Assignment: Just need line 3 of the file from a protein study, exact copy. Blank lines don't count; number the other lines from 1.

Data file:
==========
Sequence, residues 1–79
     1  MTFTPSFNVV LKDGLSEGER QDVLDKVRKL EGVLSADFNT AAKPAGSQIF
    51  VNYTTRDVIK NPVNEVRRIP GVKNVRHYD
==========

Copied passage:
    51  VNYTTRDVIK NPVNEVRRIP GVKNVRHYD